Torn ACLs aren't the omens they used to be, but his track record isn't a portrait of good health. It makes sense for him to net star money now when the rosiest trajectories are still intact.

    Prediction: Signs four-year near-max deal with the Mavericks.

Kevin Durant, Golden State Warriors (Player Option)

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    Mitchell Leff/Getty Images

    Never mind the "where" of Kevin Durant's free agency. He could re-sign with the Golden State Warriors, head to the New York Knicks, latch onto the Los Angeles Clippers, whatever. His next contract is going to be of the max-salary variety. 

    After a few rounds of pay cuts with the Warriors—including a $5.2 million-ish shave this season—Durant has made this much clear. 

    "I just want to make sure I get as much money as I can on my next deal so I can stack up my money and figure it out," he told Yahoo Sports' Chris Haynes in December. "That's just the plan. Play basketball and stack money." 

    Taken literally, this is a vote of confidence for the Warriors. They can give Durant a five-year deal worth $221.3 million. The most other suitors can offer is a four-year, $164 million pact. Golden State is the pick if he indeed wants to "get as much money" as he can.

    Viewed against the backdrop of this season, and the consensus belief that #hegone, these sentiments bode well for the Knicks, Clippers and any other team Durant considers. They imply that Durant will be most interested in getting the long-haul bag, which in turn suggests his next squad wouldn't have a one-plus-one agreement looming over their heads.

    Whatever the terms of length, it sure seems like Durant is done playing for anything less than the max. That won't hurt his market in the slightest, but it does force his primary suitors to structure their cap sheets and pursuits of other star free agents accordingly.

    Prediction: Signs three-plus-one max with the Clippers or Knicks.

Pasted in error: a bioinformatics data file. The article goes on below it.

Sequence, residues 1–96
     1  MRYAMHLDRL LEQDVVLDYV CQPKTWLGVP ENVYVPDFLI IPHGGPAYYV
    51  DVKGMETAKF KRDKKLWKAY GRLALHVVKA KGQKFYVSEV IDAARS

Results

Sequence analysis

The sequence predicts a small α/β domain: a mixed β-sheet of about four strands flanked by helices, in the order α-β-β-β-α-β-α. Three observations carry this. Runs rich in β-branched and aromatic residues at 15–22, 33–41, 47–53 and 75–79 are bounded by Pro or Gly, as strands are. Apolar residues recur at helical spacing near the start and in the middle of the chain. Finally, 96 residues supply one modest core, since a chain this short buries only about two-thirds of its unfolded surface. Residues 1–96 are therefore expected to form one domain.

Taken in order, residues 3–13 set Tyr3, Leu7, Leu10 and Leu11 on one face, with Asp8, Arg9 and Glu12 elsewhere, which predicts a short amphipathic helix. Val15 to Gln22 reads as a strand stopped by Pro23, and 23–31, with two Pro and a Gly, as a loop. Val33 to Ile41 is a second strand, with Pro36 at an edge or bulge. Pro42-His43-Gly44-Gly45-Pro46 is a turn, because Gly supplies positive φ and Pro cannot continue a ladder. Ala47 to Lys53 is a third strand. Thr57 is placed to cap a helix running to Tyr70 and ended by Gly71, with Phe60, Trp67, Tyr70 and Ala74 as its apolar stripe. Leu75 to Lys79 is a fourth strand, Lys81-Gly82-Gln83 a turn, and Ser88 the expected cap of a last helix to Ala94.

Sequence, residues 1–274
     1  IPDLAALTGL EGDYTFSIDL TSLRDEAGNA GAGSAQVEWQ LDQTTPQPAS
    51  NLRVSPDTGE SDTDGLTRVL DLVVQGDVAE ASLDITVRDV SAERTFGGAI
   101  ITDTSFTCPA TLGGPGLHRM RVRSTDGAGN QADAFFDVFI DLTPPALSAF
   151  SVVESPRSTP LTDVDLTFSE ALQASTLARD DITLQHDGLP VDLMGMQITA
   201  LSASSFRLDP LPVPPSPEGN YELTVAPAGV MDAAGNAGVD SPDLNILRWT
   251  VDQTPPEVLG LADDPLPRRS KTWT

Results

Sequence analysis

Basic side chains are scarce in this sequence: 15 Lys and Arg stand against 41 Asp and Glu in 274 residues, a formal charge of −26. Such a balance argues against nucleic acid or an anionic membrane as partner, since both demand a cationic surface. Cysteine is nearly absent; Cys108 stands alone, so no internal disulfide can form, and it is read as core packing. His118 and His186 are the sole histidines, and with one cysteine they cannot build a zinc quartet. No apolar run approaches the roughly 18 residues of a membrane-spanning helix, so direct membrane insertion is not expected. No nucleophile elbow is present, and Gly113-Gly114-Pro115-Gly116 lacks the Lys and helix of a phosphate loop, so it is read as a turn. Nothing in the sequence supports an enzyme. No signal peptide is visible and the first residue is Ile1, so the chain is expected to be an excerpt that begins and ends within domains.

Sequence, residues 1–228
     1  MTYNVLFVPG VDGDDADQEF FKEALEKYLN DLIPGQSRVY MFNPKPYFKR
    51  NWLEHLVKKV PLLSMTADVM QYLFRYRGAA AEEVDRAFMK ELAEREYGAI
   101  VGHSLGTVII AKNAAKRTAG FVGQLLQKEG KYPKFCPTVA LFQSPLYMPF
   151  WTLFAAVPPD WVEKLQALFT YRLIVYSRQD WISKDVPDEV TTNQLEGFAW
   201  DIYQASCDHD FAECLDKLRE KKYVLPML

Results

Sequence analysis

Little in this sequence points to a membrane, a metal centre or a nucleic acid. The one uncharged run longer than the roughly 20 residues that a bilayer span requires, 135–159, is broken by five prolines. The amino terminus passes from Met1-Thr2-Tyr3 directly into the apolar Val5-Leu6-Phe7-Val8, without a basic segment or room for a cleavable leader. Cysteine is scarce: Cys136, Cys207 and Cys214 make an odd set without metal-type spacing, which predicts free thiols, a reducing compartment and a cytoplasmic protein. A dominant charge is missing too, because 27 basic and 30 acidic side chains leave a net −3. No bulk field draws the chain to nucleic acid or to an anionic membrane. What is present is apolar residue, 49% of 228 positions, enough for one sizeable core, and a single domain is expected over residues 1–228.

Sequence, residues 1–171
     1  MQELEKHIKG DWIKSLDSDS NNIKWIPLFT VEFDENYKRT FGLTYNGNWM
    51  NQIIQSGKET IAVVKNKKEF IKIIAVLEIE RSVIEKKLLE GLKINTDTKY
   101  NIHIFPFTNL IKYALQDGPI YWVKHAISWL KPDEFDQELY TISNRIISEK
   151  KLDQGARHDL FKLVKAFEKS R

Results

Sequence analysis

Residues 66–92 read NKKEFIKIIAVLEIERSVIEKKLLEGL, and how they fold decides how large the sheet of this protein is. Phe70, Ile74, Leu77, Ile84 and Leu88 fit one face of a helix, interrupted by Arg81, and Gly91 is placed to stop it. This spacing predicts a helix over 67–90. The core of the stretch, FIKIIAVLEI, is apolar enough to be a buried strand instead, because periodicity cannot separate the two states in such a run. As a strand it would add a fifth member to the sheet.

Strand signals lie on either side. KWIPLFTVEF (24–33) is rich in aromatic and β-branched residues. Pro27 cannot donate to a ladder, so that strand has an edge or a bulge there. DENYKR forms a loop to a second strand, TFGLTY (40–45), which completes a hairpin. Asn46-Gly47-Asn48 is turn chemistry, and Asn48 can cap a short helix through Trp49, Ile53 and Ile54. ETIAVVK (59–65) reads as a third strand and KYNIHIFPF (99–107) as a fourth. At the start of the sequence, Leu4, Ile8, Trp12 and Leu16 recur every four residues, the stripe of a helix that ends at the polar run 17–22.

Kyrie Irving, Boston Celtics (Player Option)

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    Maddie Meyer/Getty Images

    Much like Kevin Durant before him, Kyrie Irving's destination remains a mystery. He pledged his allegiance to the Boston Celtics before the regular season only to pivot into a state of "Ask me July 1" before the trade deadline.

    The impetus for Irving's about-face isn't quite clear. Does it have something to do with the Celtics' up-and-down year? Is it related to the Knicks going nuclear, trading Kristaps Porzingis and carving out a clear path to two max slots? Did Boston covertly dangle him in trade talks leading up to the deadline that eventually made their way back to him? Could he just be bored by the B.S. that is, by his estimation, the regular season and media availability?

    Each possibility holds its own merit. Irving could simultaneously be unhappy, a flight risk and not at all sure about what he'll do this summer. All of these can be true.

    Irving's price point is less of a Gordian knot.

    Any version of the max he wants will be available to him. Boston can offer a five-year, $189.7 million deal. Others can sling four-year, $140.6 million agreements. No one is in a position to play hardball.

    Maybe the Celtics try drawing a hardline stance if they're peddling a fifth year. Irving underwent two knee surgeries last season and doesn't have the cleanest health bill. Paying him as your franchise cornerstone for the next four or five years carries real risk.

    But that extra season doesn't give Boston much leverage if Irving is already window shopping. He'll be 27 when 2019-20 tips off, and stars have gotten in the habit of prioritizing shorter contracts and quicker trips back into free agency. Offering less than the max, in any form, is a good way to drive him into the arms of other suitors.

    Prediction: Signs three-plus-one max with the Celtics or Knicks.

Kawhi Leonard, Toronto Raptors (Player Option)

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    LM Otero/Associated Press

    Keeping with the theme established by Kevin Durant and Kyrie Irving, Kawhi Leonard's offseason leanings are largely unknown. League executives have winnowed his could-be landing spots down to the Clippers and Toronto Raptors, according to ESPN.com's Tim Bontemps, but that offers minimal certainty, and a lot can happen between now and July's swap meet.

    Out of everyone who makes this list, though, Leonard is the least likely to join the pay-cut parade.

    He walked away from a potential five-year designated veteran extension worth $221.3 million by orchestrating his exit from the San Antonio Spurs. Re-signing with the Raptors for $189.7 million over five years would represent a $31.6 million haircut from that number. Joining another team on a four-year, $140.6 million max would cost him $80.6 million in guaranteed money.

    This isn't perfect math. The uprising of shorter contracts changes how we interpret a player's earning potential. Leonard won't forfeit an entire year's work by joining a new team. He will get another contract after four years. He could also opt to sign a two-plus-one deal with the Raptors or another squad and re-explore free agency in 2020, when he'll be eligible for a fatter max.